WHEN the Chancellor takes to the floor tomorrow lunchtime, he will have a difficult juggling act to perform.
On the one hand, he needs to produce a clear plan to get the public finances back on track. Yet in doing this, he must be careful not to derail a recovery that is in its early stages and remains fragile and prone to relapse.
The UK's fiscal reputation is on notice. Already Standard & Poor's and Fitch have warned that the UK could lose its AAA status because of the spiralling public sector debt, and the Chancellor needs to demonstrate a clear strategy for remedying this.
But timing is crucial -- reining in fiscal policy before the recovery has moved on to a firm footing risks tipping the economy back into recession. The example of Japan in the 1990s, where premature and overly aggressive fiscal tightening pulled the economy into a double-dip recession and the infamous "lost decade", should serve as a stark warning to the Chancellor of the risks of applying the squeeze too soon.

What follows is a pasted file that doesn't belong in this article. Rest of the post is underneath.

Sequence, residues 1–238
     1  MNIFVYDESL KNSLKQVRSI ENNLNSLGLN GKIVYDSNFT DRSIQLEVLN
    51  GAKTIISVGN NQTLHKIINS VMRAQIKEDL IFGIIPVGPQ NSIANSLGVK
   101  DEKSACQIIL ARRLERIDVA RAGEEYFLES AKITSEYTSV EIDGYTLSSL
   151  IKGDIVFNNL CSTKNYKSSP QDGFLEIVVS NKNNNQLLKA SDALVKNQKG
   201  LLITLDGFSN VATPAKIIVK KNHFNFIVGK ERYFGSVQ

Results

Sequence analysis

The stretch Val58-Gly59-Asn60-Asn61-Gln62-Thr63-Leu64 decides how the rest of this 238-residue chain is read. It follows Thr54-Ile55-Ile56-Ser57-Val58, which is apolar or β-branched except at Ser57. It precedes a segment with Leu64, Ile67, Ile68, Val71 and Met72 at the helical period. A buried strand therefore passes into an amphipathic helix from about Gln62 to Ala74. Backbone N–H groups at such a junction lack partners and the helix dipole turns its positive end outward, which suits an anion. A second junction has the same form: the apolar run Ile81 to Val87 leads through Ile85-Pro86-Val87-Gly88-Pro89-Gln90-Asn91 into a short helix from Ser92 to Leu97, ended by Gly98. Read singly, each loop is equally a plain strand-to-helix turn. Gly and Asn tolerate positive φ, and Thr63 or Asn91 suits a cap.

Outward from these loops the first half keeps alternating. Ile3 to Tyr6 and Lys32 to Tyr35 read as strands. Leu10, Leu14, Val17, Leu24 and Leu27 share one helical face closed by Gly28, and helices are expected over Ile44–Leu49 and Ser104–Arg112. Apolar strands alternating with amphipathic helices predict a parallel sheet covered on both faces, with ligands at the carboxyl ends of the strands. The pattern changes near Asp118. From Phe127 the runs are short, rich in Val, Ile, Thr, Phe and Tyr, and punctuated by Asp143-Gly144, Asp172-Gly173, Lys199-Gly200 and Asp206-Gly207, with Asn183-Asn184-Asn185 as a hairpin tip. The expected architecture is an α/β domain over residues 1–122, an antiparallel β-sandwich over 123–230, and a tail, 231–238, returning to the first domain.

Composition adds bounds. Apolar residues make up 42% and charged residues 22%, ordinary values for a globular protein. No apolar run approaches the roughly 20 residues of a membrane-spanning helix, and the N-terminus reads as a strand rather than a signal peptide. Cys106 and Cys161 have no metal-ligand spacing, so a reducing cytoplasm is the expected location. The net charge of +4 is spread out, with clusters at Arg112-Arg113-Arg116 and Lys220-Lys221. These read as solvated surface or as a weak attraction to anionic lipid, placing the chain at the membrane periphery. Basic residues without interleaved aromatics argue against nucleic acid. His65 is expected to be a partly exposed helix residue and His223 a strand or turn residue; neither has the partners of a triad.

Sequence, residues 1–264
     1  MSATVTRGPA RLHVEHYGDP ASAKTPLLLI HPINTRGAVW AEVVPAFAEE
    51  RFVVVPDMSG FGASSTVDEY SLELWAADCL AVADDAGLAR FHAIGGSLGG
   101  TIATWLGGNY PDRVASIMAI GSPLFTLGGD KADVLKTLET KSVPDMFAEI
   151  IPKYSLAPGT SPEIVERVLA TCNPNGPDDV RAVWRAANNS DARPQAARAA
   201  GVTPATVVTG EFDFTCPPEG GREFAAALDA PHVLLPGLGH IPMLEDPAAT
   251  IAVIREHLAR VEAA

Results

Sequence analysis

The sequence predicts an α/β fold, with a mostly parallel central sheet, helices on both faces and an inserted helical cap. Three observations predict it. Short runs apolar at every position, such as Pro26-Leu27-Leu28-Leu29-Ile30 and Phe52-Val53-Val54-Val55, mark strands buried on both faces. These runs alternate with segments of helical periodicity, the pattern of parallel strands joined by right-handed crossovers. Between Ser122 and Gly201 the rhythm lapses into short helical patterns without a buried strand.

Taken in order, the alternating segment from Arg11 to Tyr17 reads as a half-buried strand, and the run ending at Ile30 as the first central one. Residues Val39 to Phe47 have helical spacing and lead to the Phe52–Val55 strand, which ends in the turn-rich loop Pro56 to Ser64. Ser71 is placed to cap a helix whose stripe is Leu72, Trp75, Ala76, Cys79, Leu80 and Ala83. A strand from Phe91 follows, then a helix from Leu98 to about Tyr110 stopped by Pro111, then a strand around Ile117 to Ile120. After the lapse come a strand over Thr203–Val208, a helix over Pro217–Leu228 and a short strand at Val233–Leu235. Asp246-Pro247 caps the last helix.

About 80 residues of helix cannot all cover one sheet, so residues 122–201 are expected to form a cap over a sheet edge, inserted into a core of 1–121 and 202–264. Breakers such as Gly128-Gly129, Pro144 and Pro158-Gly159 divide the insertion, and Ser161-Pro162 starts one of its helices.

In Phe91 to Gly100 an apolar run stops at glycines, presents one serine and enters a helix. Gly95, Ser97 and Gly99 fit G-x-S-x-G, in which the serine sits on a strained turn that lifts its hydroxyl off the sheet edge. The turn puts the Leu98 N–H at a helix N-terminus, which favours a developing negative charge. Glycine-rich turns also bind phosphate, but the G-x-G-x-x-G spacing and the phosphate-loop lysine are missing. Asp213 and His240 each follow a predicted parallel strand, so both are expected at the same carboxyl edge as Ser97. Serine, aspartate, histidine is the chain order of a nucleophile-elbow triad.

Officially, the UK economy remains in recession, the only country in the G20 in this unenviable position. Yet it is also the only country planning to begin withdrawing its stimulus at the start of 2010; most other governments plan to continue supporting their economies next year. Withdrawing the fiscal stimulus this early represents a huge risk, even more so given that there is no room to loosen monetary policy to offset the negative effects of tighter fiscal policy.
We would like to see the Chancellor announce a temporary extension to those measures -- such as the VAT reduction, stamp duty holiday, car scrappage scheme and first-year capital allowances -- which are already in place to provide support but which are due to expire soon. With smaller companies still finding it difficult to access finance we would also hope to see some targeted help for them.
Providing that such a package were accompanied by a clear commitment to reverse them as soon as the recovery has become entrenched, it would not have a significant impact on the efforts to regain control over the public finances.
As well as securing the recovery in the short term, we hope to see the Chancellor use the Pre-Budget Report as an opportunity to set out his vision for putting the public finances on a more sustainable footing over the medium term. After all, we are running the largest deficits in the developed world and without further remedial action a credit downgrade is a serious risk. …